The Copyright Alliance “is a non-profit, non-partisan educational organization dedicated to the value of copyright as an agent for creativity, jobs and growth. “ The report identifies its members as a broad coalition of the following groups: the American Federation of Television & Radio Artists; American Intellectual Property Law Association; American Society of Composers, Authors and Publishers; American Society of Media Photographers; Association of American Publishers; Association of Independent Music Publishers; AT&T; Attributor; Broadcast Music, Inc.;

ITIF Report: Strategies for Reducing Digital PiracyITIF Report: Strategies for Reducing Digital Piracy



Earlier this month, The Information Technology & Innovation Foundation (ITIF) published a paper called Steal These Policies: Strategies for Reducing Digital Piracy. The aim of the paper is to advance a policy in which illegal sources of digital content is reduced while legal content becomes more accessible. The executive summary provides the following overview of the problem as follows:

 “The rise of broadband Internet access and cheap storage, along with the growth of digital content, has enabled digital pi­racy to flourish around the world.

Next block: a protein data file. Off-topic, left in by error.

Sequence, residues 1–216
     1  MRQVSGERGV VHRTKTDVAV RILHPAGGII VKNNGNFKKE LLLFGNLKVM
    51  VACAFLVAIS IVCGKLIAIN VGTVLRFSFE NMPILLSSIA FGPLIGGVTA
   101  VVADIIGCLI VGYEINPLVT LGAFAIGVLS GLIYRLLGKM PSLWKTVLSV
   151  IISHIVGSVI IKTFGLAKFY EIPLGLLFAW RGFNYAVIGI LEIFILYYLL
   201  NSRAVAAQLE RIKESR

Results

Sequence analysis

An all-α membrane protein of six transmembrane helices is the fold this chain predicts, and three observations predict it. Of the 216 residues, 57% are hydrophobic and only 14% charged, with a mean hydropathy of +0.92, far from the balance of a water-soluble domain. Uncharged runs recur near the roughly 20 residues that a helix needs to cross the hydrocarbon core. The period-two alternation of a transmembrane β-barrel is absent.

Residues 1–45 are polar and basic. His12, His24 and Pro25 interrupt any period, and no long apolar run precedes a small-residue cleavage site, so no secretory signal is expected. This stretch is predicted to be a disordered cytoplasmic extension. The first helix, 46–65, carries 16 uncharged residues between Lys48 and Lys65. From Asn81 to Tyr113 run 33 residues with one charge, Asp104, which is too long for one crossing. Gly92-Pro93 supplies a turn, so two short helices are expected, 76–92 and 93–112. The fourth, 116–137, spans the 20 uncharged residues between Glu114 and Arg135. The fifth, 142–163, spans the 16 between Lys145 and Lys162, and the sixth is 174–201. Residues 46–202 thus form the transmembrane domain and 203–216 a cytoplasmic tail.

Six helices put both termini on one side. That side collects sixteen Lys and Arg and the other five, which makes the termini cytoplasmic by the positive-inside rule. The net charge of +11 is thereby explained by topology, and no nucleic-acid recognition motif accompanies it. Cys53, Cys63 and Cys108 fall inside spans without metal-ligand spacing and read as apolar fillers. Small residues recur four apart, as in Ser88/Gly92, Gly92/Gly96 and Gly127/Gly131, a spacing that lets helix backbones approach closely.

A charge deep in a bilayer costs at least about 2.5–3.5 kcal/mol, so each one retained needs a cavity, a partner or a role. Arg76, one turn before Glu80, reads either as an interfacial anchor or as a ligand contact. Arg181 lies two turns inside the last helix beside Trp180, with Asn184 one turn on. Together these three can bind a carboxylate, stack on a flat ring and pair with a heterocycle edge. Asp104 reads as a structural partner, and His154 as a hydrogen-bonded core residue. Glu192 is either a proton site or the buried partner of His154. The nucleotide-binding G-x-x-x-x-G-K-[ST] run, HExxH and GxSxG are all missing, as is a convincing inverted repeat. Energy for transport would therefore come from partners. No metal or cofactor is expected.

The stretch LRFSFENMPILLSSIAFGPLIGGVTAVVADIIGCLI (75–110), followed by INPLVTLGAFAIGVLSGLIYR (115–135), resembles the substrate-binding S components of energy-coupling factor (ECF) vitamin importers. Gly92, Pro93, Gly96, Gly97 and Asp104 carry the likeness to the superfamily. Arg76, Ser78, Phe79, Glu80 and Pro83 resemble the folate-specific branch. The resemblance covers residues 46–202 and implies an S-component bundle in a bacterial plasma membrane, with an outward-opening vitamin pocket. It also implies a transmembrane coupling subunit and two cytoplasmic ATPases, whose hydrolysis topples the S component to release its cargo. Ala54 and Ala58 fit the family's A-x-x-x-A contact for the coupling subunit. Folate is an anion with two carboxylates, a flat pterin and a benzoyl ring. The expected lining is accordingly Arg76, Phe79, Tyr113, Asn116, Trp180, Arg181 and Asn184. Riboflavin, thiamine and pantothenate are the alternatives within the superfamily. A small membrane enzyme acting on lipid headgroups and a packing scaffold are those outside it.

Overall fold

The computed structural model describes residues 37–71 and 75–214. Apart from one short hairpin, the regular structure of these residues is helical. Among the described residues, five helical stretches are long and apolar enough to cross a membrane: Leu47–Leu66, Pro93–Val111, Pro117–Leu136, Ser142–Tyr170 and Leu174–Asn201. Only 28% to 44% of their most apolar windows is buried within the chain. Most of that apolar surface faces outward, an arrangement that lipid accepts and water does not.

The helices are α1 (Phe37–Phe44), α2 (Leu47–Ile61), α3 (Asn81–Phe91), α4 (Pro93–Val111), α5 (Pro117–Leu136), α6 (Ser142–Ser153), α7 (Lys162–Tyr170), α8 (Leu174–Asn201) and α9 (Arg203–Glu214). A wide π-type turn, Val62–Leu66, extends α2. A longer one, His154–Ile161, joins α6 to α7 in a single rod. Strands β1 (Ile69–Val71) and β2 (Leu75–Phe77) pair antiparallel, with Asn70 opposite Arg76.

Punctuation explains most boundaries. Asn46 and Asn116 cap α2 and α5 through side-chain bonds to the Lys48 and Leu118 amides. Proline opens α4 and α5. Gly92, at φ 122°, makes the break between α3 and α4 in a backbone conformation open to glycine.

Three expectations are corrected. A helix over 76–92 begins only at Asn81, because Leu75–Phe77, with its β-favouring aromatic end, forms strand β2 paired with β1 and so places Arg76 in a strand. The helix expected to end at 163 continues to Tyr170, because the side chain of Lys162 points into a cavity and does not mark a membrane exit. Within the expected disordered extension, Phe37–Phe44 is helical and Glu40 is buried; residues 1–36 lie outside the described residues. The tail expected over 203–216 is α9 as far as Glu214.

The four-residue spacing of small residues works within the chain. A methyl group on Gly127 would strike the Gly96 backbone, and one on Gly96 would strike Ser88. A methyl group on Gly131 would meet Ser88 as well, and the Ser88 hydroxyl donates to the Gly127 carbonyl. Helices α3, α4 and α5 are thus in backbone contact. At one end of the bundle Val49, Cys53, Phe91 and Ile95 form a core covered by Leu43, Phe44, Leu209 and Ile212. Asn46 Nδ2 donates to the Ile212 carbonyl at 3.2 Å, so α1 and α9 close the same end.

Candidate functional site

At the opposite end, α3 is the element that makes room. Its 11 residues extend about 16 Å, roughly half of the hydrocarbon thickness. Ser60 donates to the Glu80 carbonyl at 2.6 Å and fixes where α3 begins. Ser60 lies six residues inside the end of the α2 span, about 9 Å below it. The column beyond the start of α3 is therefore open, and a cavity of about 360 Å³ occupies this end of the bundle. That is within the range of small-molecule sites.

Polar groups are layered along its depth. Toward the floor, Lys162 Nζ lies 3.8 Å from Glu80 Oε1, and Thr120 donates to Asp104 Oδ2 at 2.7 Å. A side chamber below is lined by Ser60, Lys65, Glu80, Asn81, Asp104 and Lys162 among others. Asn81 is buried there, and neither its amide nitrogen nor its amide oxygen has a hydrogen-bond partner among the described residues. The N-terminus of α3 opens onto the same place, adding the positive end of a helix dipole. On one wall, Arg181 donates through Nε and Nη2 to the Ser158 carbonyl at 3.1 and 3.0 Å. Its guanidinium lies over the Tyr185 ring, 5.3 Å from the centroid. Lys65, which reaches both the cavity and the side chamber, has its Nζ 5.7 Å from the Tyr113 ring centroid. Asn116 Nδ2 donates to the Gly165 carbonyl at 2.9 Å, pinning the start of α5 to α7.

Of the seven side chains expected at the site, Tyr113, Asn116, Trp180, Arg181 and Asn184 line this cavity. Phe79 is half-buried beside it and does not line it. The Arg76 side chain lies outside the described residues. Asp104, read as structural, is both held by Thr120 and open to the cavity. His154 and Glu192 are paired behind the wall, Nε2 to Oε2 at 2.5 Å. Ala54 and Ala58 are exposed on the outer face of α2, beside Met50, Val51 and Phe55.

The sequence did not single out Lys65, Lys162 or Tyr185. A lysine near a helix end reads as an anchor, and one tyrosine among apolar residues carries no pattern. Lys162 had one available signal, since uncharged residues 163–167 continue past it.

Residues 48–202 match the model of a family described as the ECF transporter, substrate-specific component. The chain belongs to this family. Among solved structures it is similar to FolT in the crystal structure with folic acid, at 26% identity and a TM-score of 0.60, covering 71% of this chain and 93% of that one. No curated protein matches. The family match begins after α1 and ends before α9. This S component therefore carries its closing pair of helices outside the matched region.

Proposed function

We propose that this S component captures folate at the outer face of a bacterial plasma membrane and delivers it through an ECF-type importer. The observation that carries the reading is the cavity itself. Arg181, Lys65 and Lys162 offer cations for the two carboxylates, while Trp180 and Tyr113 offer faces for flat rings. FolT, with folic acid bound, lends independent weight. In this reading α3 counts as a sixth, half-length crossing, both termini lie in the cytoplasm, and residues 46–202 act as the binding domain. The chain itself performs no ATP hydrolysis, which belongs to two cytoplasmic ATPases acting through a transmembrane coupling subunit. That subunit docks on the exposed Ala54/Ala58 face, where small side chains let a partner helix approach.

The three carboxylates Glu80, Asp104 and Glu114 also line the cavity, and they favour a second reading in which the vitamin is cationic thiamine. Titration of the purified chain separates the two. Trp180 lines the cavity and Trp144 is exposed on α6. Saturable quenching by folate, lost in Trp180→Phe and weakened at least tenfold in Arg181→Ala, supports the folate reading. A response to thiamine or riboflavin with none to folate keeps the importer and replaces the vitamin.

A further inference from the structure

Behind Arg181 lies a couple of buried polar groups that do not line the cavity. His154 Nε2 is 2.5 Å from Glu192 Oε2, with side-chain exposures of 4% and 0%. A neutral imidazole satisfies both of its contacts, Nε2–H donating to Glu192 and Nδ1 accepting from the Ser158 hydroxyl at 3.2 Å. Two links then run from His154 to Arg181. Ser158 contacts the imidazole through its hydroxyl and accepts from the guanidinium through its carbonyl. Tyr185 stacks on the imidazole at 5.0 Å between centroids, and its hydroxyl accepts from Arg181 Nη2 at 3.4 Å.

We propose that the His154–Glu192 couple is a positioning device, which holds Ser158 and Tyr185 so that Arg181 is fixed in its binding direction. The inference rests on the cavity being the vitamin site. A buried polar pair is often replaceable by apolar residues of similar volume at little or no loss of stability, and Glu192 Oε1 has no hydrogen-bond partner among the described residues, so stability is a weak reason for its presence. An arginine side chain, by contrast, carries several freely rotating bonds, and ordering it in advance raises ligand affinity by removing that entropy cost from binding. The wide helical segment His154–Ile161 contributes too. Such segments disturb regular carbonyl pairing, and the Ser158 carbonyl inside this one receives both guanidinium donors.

Toying with funny math to downplay Canada’s role as a piracy havenToying with funny math to downplay Canada’s role as a piracy haven



Several weeks ago TorrentFreak published its Top 25 Most Popular Torrent Sites of 2009. In a blog commenting on the rankings, I pointed out that out of the top 25, 7 of them are located or have connections to Canada and that of the top 10, 4 are located or have connections to Canada. I also pointed out that this meant that Canada, alone, is home to more than 25% of the world’s public English language unauthorized bitTorrent sites and 40% of the leading ones are in Canada.